This article was updated to answer several common COVID-19 related questions from employers.
What if an employee tests positive for COVID-19 (or presumptive positive), or claims to have been in contact with someone who tested positive for COVID-19?
Employees who test positive for COVID-19 should be excused from work immediately and should self-quarantine. They should contact their healthcare provider as soon as possible.
In addition, employers should contact their local health department to determine if the case needs to be reported and should take all necessary measures to clean and sanitize the workplace to make any contact areas safe.
Medical and health information of employees must remain confidential, and employers should notify other co-workers who may have been in contact with the individual that possible exposure has occurred without providing any identifying information about the employee who tested positive.
Presumptive positive cases (where the individual exhibits symptoms of COVID-19, but has not received a negative test result to clear them), and cases where an employee discloses that they have been in close contact with a person who tested positive, should be treated the same as if they have tested positive. Therefore, they may be excused from work and asked to self-quarantine. Employers are permitted to require that an employee who has been exposed to the virus self-quarantine. Similarly, employees returning from countries that have a Level 3 Travel Health Notice from the Center for Disease Control (CDC) should also self-quarantine upon their return to the United States. (Travel advisories are changing. Monitor the latest guidance from the CDC and the WHO).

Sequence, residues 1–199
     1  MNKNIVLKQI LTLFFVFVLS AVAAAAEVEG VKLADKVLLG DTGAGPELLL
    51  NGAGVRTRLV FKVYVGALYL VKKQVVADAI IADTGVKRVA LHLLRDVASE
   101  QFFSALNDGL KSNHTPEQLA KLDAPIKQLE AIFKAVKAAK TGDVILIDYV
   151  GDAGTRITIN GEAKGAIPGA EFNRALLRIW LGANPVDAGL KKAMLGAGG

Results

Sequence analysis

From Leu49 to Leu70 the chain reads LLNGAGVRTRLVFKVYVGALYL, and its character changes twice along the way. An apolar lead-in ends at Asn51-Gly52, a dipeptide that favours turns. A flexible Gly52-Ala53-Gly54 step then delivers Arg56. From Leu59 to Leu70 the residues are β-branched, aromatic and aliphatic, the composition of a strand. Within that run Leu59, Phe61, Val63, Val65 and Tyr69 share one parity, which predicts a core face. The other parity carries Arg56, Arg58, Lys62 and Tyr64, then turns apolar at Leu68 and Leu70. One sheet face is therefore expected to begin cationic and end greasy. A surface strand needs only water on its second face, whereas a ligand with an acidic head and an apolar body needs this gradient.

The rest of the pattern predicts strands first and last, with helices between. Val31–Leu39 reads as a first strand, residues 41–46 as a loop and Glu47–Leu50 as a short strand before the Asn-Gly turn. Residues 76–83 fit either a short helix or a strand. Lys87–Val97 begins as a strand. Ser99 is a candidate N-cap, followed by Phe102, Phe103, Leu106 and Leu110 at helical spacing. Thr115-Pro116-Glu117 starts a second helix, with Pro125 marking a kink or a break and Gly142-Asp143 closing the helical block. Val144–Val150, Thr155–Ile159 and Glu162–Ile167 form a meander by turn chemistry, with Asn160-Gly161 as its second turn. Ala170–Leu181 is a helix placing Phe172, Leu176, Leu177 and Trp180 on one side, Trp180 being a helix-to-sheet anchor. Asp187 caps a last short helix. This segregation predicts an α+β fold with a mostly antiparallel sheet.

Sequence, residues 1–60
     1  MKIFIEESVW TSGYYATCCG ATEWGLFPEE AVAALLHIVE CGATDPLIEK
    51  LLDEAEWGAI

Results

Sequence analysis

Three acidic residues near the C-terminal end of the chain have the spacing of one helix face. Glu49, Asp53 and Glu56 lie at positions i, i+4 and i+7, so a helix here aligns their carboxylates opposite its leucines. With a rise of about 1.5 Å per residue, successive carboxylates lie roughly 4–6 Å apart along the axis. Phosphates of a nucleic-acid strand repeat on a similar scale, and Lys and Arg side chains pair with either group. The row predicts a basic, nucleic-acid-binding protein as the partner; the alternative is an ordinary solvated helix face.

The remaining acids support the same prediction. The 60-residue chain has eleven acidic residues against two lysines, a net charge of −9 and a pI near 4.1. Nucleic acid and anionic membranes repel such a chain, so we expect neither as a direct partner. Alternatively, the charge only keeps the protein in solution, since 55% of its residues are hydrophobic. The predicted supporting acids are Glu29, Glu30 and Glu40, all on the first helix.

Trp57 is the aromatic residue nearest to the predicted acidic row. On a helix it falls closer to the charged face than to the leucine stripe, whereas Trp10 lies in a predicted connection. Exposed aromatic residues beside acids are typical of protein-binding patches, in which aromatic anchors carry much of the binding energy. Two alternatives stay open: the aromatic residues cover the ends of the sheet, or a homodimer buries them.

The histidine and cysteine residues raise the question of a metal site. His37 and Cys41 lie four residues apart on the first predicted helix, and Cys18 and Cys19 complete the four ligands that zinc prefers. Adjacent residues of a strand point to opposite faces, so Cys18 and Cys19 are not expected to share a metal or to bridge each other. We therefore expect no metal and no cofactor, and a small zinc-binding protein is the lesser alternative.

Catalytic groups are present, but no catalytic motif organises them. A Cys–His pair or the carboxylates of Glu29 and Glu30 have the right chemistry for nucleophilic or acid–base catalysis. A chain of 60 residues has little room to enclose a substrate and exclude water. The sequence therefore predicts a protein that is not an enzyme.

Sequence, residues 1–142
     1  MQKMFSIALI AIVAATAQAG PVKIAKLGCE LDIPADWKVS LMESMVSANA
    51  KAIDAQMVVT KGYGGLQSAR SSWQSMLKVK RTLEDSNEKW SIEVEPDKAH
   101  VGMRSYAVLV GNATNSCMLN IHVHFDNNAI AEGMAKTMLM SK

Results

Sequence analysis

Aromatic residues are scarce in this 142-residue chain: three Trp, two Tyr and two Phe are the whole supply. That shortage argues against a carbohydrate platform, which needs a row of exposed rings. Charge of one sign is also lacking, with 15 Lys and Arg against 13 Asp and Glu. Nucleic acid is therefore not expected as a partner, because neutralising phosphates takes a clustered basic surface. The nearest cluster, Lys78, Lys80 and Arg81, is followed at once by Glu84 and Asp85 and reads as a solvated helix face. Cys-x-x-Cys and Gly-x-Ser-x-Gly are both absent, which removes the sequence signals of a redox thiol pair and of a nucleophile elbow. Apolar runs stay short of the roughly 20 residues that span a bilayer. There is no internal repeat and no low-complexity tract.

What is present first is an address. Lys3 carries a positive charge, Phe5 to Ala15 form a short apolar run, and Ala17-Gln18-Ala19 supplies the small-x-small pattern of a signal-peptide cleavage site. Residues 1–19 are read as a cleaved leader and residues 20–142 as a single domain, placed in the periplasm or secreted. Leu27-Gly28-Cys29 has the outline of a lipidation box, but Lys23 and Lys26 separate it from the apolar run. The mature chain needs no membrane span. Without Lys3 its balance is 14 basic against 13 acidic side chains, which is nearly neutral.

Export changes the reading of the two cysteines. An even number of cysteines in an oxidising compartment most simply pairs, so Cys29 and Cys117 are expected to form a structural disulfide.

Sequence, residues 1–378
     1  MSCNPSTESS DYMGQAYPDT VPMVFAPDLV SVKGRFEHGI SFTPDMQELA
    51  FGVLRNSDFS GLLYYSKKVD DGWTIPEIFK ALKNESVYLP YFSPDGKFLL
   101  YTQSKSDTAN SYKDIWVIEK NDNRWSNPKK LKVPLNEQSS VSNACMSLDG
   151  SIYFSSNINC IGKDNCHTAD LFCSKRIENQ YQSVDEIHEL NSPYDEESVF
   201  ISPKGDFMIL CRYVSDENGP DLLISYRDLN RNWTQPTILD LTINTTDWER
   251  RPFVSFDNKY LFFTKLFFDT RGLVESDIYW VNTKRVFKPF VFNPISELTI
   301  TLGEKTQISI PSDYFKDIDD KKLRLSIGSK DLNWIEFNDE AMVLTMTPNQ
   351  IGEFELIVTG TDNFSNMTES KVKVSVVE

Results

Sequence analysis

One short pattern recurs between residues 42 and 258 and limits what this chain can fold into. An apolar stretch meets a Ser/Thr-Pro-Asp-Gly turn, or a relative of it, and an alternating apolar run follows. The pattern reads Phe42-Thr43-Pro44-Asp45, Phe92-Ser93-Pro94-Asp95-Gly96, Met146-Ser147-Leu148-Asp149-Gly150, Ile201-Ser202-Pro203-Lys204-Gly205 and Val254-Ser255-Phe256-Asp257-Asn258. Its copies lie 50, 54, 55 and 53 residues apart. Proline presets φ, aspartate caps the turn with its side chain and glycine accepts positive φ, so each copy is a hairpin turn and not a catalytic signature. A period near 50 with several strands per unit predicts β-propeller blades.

My business has remained open, but I have employees who are refusing to report to work. What can I do?
Under OSHA rules, employees are only entitled to refuse to work if they believe they are in "imminent danger." OSHA defines this as "conditions or practices in any place of employment which are such that a danger exists which can reasonably be expected to cause death or serious physical harm immediately or before the imminence of such danger can be eliminated through the enforcement procedures otherwise provided by this Act.” Therefore, an employee must believe that death or serious physical harm could occur within a short time frame for the threat to be considered immediate or imminent. For example, a workplace where employees may regularly be exposed to COVID-19 may rise to this threshold, but absent that, most work conditions in the U.S. likely do not. Nevertheless, employers should discuss all facts and circumstances on a case-by-case basis with their HR Consultant when confronted with these issues.
On the other hand, situations where an employee is requesting a leave or other accommodation (such as the ability to work from home) because they have a disability which puts them at an increased risk if they contracted the virus, they may be entitled to stay out of the workplace as a reasonable accommodation under the Americans with Disabilities Act (ADA).
Can I check employee temperatures when they report to work?
Because of the unique circumstances after a state or local health authority deems a public health concern to be a “pandemic,” the EEOC has issued guidance that employers are permitted to take workers’ temperatures. At all other times, this practice remains prohibited as discriminatory and a violation of privacy. Employers considering implementing a temperature check are encouraged to first discuss this practice in more detail with their HR Consultant.
Before, during and after the COVID-19 pandemic, employers much keep the safety and health of their employees top of mind.